What are Own Fur Allergies?
We have all heard of the medical abnormalities where a person can be allergic to the sun or water, but not many dogs seem to have these problems. However, one thing dogs may be allergic to: themselves. It is practically unheard of, but some people believe a dog can be allergic to his own fur. Typically, it turns out the dog is allergic to something in his fur and not the fur itself. Allergy symptoms, including skin inflammation poor hair coat, develop and secondary infections can follow if the condition is not treated. Once your dog is properly diagnosed, treatment can begin and your dog will be on the road to a full recovery.
Dogs, just like humans have allergies. While almost unheard of, a dog may possibly be allergic to his own fur, but more likely, he is allergic to something in his fur. If you suspect your dog is suffering from allergies, discuss it with your veterinarian.
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Symptoms of Own Fur Allergies in Dogs
Depending on what your dog is allergic to, symptoms may manifest in different ways. Allergy symptoms to his own fur may include:
- Runny nose
- Watery eyes
- Poor hair coat
- Poor skin conditions
- Skin inflammation
- Loss of fur
- Hot spots
- Itchy skin
- Dry, flaky skin
- Obsessive licking/chewing of feet
- Inflamed, red paw pads
If your dog is allergic to his own fur, it would be considered a type of autoimmune disorder. Usually though, your dog is not allergic to his own fur, but what is on or in his fur. Your dog can pick things up inside your home and outside which can cause him to develop allergy symptoms; some are seasonal, some are year round.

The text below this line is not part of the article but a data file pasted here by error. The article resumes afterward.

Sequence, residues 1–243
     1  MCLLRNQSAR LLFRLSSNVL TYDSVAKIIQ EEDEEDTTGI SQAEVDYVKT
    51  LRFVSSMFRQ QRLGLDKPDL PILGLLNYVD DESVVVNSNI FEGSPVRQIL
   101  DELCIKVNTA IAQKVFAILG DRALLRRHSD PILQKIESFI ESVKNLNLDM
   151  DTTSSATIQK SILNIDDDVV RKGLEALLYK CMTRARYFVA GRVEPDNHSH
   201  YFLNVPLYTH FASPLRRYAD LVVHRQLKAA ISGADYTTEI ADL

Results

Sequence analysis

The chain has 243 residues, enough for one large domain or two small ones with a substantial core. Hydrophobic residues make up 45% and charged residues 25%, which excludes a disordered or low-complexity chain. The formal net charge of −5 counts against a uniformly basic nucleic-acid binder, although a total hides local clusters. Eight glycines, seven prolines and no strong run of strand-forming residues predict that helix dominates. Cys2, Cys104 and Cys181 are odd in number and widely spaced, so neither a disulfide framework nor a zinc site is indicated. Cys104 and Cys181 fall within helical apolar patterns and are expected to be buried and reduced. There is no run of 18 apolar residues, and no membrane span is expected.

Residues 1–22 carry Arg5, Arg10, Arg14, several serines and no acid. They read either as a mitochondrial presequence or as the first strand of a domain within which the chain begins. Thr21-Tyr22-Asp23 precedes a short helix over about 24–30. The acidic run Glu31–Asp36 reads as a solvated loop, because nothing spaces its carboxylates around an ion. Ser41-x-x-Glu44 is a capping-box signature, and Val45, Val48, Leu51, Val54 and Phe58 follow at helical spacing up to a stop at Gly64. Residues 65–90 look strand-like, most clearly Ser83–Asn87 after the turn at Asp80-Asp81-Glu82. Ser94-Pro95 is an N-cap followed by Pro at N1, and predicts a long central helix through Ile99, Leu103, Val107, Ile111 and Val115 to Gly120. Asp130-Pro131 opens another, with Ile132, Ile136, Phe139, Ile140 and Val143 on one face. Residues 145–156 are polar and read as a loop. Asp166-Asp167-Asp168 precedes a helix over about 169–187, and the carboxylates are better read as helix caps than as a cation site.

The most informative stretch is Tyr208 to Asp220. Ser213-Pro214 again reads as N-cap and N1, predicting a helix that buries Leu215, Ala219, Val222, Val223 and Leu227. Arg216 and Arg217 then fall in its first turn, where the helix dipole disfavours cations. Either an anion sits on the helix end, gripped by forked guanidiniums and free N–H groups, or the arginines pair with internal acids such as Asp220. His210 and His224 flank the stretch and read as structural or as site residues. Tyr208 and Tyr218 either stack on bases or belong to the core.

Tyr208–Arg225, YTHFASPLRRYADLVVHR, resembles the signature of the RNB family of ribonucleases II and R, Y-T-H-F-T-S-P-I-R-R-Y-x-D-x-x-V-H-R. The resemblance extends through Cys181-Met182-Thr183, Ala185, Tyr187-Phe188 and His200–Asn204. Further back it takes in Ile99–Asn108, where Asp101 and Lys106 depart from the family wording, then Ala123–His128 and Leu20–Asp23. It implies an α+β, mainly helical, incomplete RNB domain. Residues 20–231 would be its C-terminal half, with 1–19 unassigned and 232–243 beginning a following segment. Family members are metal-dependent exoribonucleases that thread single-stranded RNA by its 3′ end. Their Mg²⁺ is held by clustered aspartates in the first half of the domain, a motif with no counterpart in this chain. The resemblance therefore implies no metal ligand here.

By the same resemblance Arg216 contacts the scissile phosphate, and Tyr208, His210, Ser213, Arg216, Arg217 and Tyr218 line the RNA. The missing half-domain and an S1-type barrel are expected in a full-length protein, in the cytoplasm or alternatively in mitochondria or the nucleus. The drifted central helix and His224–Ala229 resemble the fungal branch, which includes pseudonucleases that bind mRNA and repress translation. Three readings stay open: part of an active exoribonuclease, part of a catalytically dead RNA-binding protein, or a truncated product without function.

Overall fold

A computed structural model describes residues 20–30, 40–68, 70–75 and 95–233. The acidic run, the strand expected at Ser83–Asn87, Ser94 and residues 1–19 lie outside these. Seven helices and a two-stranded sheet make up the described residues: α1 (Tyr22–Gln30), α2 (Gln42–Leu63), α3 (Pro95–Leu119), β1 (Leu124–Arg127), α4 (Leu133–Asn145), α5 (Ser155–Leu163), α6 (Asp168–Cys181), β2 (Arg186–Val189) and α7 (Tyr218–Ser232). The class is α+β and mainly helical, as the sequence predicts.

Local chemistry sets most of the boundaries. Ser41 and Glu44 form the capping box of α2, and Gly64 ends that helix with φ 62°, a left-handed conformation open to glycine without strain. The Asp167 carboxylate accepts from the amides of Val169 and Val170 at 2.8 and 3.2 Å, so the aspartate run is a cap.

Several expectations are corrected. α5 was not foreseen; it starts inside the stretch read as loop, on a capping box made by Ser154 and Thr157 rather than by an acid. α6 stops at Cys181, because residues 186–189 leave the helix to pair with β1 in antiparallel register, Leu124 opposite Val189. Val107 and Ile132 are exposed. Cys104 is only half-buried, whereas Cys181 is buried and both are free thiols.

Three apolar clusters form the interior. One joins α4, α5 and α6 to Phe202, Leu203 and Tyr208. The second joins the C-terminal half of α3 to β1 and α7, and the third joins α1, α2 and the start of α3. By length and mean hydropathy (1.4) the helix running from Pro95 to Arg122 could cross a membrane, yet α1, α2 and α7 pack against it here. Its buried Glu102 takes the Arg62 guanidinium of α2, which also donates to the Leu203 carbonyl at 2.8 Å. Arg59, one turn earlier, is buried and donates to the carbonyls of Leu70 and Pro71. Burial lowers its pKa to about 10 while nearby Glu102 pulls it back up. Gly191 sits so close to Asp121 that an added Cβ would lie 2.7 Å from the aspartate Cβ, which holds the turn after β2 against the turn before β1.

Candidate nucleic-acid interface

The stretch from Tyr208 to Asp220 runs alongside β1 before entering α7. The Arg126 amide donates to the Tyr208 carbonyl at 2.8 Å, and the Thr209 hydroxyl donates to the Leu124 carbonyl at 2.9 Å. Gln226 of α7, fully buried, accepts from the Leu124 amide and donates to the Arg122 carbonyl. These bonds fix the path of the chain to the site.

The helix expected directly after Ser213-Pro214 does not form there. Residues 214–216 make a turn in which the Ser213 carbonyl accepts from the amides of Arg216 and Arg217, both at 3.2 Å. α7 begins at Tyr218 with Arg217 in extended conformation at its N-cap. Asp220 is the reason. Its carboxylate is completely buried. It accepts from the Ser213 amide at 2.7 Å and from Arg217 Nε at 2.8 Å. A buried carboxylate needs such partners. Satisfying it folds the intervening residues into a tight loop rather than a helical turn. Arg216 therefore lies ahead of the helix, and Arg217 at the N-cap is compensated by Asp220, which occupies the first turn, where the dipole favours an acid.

Causes of Own Fur Allergies in Dogs
When your dog goes outside, he may pick up allergens from the environment that cause him to develop allergy like symptoms. While they are naked to the human eye, these allergens could be causing havoc to your dog’s system. Dog’s can even be allergic to other animals and human dander. Since this does not get diagnosed very frequently, not many people know about it and think the dog is allergic to something else.
Diagnosis of Own Fur Allergies in Dogs
The veterinarian will take note of all your dog’s symptoms. If your dog’s skin is irritated, the veterinarian may take a skin scraping to check for external parasites, bacteria, and yeast. If your dog has watery eyes, the veterinarian may perform fluorescein staining to check for a scratch on the eye that could possibly cause the watering.
Blood work will be performed to give the veterinarian a broad look as to how the internal organs are functioning and to rule out other possible causes for the symptoms. A complete blood count (CBC) and chemistry panel will provide the veterinarian with needed information for proper assessment. If your veterinarian feels it is necessary, she may also perform a urinalysis for further evaluation of liver or kidney function.